For most drivers, one of the biggest benefits is earning potential. Of course, every company pays differently; but in general, truckers are paid by how many miles they drive and for how long they’re on the clock. Some companies even pay additional bonuses if their trucks reach certain milestones or complete pickups early.
Like any other profession, there are also yearly vacation weeks where drivers can take time off without worrying about deadlines or customer service. Though this may not sound like much, most trucking companies require you to use your vacation time in blocks; it is an important safety net compared to other job opportunities.
In addition to the benefits seen in other professions, truck drivers also have access to discounts from major companies. Many of these discounts are used for necessities such as food and gas, but some trucking companies even offer discount hotel rates or free memberships to major retailers like Sam’s Club and Costco. Of course, all of these perks come with a price.
Working for a company
Working for a company is not a nine-to-five job, and if you’re a night owl, a truck driver may be the perfect role for you. Though most companies require drivers to work from about 5 AM to 10 PM, some companies let their drivers choose their own schedules as long as they meet weekly requirements. In most cases, this choice is made based on customer requests; but in some cases, it can be given out at random or made based on seniority levels.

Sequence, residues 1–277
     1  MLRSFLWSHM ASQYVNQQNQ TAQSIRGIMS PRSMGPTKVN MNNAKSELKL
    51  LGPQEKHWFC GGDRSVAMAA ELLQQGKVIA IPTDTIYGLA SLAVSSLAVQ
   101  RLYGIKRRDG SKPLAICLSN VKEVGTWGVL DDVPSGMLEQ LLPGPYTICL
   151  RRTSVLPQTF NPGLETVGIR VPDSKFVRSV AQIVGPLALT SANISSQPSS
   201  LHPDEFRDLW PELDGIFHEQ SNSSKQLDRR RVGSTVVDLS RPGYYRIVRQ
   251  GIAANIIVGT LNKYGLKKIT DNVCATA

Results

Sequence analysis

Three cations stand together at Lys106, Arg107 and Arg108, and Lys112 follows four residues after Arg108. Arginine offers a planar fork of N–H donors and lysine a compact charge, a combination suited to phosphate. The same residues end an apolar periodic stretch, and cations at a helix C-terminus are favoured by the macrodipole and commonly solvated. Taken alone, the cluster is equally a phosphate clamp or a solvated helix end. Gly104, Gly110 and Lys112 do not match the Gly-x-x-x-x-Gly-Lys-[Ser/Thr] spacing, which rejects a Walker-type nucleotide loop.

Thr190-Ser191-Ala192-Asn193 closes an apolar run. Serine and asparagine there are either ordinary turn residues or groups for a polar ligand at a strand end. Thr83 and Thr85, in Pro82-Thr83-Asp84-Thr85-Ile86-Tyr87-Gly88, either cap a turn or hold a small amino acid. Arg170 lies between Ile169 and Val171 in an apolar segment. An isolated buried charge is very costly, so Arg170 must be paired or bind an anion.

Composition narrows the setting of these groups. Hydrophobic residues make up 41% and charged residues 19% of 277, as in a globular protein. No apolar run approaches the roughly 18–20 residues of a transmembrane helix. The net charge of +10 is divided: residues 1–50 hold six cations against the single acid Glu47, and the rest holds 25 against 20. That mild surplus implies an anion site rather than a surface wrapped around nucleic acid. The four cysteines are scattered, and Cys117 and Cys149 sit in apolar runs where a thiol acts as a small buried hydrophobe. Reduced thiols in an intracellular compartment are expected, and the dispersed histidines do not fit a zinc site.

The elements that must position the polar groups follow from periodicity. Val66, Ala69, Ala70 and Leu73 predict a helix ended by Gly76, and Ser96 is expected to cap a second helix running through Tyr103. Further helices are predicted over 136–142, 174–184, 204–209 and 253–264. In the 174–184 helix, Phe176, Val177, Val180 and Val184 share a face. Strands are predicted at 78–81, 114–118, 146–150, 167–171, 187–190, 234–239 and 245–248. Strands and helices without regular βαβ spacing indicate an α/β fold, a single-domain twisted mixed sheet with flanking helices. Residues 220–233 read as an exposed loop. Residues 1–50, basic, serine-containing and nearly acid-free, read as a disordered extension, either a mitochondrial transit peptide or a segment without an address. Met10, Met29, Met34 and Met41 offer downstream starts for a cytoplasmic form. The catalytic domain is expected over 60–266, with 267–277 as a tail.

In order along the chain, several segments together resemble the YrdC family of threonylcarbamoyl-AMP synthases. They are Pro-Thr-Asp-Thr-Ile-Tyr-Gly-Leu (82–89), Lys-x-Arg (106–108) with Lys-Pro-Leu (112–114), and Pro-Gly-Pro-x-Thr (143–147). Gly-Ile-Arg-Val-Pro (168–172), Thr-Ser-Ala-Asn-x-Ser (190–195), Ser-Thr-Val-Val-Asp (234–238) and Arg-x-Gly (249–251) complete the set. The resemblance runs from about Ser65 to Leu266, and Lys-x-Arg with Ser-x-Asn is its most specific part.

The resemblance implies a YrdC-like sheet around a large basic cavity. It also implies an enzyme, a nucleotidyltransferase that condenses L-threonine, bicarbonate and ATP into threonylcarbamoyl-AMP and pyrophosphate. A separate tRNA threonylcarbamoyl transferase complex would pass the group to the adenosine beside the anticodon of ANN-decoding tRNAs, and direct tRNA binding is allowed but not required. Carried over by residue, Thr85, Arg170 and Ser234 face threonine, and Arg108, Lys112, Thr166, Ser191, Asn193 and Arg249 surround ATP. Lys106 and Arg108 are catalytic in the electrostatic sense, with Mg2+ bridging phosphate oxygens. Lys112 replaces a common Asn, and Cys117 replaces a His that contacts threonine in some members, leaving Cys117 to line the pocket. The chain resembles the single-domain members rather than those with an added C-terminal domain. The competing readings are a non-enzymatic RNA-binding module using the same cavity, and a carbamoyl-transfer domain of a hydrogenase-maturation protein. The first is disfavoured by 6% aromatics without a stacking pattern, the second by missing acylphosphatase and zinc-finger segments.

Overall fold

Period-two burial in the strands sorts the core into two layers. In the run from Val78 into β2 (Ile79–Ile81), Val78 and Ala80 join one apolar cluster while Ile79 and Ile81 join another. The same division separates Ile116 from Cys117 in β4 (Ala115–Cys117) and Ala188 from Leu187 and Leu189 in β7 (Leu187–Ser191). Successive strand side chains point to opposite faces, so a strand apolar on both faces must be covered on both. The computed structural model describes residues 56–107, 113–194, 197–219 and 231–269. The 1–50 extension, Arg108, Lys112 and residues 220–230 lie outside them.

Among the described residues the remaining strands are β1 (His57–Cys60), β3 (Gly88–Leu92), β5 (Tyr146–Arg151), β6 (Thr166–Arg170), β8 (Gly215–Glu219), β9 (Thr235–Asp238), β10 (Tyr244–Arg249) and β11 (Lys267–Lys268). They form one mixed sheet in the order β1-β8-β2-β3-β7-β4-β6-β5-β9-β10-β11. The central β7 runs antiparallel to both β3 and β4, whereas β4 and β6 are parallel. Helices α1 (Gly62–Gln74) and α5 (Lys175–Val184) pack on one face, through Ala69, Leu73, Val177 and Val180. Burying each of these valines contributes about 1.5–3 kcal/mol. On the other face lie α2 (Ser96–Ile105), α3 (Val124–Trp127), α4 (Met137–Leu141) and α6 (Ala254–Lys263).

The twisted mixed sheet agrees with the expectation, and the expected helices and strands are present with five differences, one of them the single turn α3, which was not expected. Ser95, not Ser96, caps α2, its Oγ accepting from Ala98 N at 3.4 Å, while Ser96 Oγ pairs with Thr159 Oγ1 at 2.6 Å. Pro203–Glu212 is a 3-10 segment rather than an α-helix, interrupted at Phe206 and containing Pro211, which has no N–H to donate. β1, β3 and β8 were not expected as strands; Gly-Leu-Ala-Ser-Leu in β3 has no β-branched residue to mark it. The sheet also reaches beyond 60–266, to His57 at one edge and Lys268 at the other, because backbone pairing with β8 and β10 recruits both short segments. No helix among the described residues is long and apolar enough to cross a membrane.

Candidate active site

Working as an owner-operator
Many drivers choose to become independent and work as an owner-operator. Though this comes with more responsibility and a greater upfront cost, it offers superior earnings potential and extra freedom. As an owner-operator, truckers can set their load requests based on demand, which means they can pick up loads that are closest to them rather than having to travel for hours to pick up one load.
Owner-operators make more money because they keep all of the profits from their loads, but no one is around to help if something breaks down or goes wrong. This is why some companies even offer owner-operator bonuses in exchange for loyalty. Working as an owner-operator has its pros and cons, but once you find the carrier right for you, you’ll love your job.
If you want to know how to get more owner-operator loads, this guide is an amazing place to start.
Experience is everything
While some companies do hire drivers with little to no experience, most companies require their truckers to have at least two years of verifiable, professional driving experience. If you meet this requirement, then there are all sorts of schools that can help you get started on the right foot.
Some schools offer classes during the day while others are offered online, but in general, most programs will teach students everything they need to know about preparing for job interviews and taking load requests. Many schools even offer internships that allow potential carriers to work with experienced drivers as an aide or apprentice.